Sending an SMS Text Message with Twilio SDK

We’re at a point now where you can deploy back-end-like functionality onto a serverless environment without the need of creating a Node or Ruby on Rails environment and without Heroku or AWS. You can just deploy what are basically discrete functions on a serverless architecture without configuring servers or doing any work with servers. This is cutting-edge work that has yet to hit critical mass (like blockchain, IoT, Ethereum, etc.).

Note that serverless computing is not the same as microservices, but that’s where this is all heading. You can build an entire microservices architecture on a serverless stack. Microservices are onerous for a small startup — it’s over-optimization. Running 10 nodes of a microservice requires different server architectures for each, and you end up paying for all the servers that are required. But with a serverless architecture, you only pay for the compute — the raw compute cycles and in some instances the request volume.

Let’s do a short tutorial implementing pre-written code to guide you through deploying a live function on the Turbo platform.

This tutorial is done on a Mac. Terminal code is denoted by a single line starting with .

SMS Text Message with Twilio SDK

First, let’s create some basic repos to help you get your head wrapped around the process. We can start using a CLI called Turbo: a project scaffold generator for Node, React, and Redux projects.

Make sure you have the right Node version

$ node -v

Anything over version 6 is suitable.

Couple global installs:

$ sudo npm i -g gulp
$ sudo npm i -g webpack
$ sudo npm i -g turbo-cli

Head to and create an account if you don’t already have one.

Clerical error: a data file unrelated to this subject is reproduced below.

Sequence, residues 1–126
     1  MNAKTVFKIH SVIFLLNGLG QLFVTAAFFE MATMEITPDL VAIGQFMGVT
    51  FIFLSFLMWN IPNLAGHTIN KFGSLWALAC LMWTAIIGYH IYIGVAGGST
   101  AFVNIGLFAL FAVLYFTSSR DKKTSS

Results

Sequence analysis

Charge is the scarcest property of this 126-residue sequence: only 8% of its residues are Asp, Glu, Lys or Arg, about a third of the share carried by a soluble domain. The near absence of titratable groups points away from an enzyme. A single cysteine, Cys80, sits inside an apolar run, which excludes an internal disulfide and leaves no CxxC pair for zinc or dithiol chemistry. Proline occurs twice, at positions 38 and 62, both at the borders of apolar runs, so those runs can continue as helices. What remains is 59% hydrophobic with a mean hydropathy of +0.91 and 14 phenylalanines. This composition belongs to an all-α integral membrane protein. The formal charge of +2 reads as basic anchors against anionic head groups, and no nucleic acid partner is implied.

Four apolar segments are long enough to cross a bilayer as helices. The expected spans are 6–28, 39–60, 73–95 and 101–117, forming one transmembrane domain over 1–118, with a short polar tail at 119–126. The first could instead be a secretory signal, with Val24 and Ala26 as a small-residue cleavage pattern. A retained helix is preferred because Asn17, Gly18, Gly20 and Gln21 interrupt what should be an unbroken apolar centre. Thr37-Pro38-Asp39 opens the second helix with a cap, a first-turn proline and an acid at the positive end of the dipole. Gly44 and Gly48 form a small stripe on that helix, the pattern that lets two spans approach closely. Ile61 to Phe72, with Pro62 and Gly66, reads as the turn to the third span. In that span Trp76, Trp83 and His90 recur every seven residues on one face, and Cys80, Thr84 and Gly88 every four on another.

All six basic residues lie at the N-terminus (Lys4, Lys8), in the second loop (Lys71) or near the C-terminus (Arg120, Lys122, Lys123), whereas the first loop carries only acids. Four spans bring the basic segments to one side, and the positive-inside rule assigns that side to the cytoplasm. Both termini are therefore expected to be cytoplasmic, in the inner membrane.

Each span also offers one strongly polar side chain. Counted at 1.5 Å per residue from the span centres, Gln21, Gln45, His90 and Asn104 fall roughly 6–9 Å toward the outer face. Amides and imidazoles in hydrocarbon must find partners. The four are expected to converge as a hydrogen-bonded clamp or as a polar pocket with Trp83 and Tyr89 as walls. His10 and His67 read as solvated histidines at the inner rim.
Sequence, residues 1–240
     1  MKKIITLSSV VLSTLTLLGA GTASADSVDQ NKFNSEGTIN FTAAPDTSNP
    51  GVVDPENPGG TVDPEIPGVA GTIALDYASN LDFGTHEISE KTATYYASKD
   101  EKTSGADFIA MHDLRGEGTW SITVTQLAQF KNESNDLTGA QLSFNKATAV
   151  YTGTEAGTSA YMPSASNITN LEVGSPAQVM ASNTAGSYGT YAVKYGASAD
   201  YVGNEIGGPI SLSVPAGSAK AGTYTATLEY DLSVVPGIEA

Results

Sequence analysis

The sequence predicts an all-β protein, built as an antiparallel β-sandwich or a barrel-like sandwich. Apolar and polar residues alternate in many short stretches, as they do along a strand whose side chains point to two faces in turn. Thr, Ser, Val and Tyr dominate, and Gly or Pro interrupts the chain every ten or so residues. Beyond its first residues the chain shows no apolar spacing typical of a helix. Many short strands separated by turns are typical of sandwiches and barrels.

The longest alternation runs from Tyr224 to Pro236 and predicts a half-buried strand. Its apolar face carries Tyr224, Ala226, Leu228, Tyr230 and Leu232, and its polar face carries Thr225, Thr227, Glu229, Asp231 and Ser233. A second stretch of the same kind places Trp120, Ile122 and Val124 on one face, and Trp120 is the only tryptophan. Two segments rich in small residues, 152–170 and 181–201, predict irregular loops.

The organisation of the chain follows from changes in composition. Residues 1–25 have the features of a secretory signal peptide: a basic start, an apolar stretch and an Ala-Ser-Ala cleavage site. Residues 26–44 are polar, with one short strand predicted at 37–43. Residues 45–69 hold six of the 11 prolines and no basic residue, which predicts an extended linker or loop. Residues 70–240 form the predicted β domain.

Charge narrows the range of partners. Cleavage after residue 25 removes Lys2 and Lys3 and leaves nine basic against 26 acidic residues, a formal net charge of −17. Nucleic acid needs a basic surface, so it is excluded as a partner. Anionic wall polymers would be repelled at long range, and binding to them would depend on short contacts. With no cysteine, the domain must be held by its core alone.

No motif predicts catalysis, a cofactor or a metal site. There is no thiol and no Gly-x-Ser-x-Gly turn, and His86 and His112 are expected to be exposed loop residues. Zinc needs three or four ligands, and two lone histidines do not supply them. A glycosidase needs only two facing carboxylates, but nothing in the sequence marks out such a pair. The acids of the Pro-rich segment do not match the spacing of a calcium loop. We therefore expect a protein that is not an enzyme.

In Terminal, navigate to where you do your programming — for this tutorial’s purposes, that will be the desktop.

$ cd ~/desktop

Create the Turbo project with the name sms-demo. We’re creating a project that will deploy a serverless function that sends a text message. Navigate to your project directory and install npm for dependencies and node modules.

$ turbo new sms-demo
$ cd sms-demo
$ npm install

First, we’ll deploy to a live staging environment and put it on Github right away. After, we’ll hook in the functionality. This will give your project a rich commit history. Let’s head to the turbo website again and create the corresponding project on the Turbo platform. Log in and click “Create App” in the menu. Name your app “sms-demo” with an optional description (maybe “Send Text Messages!”). Creating that will bring up an overview dashboard with an “App ID” in the top right corner. Highlight and copy the ID. Back in Terminal, connect your project with the app. We’ll also perform a quick deploy to staging to confirm everything worked.

$ turbo app PASTE_APP_ID_HERE
$ turbo deploy

Upon completion, you will see a DEPLOY COMPLETE: WEBSITE_URL line in the terminal code. This is your staging environment that is live on the internet — visit it in your web browser if you would like. Also check that running $ turbo devserver displays in Terminal that the devserver runs on http://localhost:3000. Press CONTROL-C to turn off the devserver for now.

Now you can head to a code editor of your choice and examine the code that has already been set up in your project environment. Out of the box, a Turbo scaffold gives you a readme with proper markdown and instructions. Pushing this to Github will eliminate the need for you to create one for any project.

While in your text editor, replace the code of the .gitignore file of your project environment (sms-demo) with what’s below.

Now, let’s commit the project to Github.

$ git init
$ git add .
$ git status
$ git commit -m "initial"
$ git status

This sequence of commands should end with a message letting you know you have a “working tree clean”. In your web browser, go to and create a new repo named sms-demo. In the page that pops up after creating the repo, under “…or create a new repository on the command line”, copy the line similar to what is below.